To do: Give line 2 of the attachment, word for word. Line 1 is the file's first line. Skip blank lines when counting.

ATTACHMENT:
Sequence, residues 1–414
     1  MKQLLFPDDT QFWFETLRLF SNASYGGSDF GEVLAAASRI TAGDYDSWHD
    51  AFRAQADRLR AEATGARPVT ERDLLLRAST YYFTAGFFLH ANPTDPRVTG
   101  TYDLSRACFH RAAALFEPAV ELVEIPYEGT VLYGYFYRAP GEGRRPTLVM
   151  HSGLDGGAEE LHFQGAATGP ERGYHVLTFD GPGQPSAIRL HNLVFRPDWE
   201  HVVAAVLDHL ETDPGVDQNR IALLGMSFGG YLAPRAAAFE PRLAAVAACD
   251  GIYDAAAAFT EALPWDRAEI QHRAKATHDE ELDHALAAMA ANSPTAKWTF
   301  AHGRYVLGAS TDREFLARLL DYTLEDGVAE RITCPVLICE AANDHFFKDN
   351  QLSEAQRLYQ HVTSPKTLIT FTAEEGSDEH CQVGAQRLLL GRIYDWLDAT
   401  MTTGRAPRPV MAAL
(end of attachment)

     1  MKQLLFPDDT QFWFETLRLF SNASYGGSDF GEVLAAASRI TAGDYDSWHD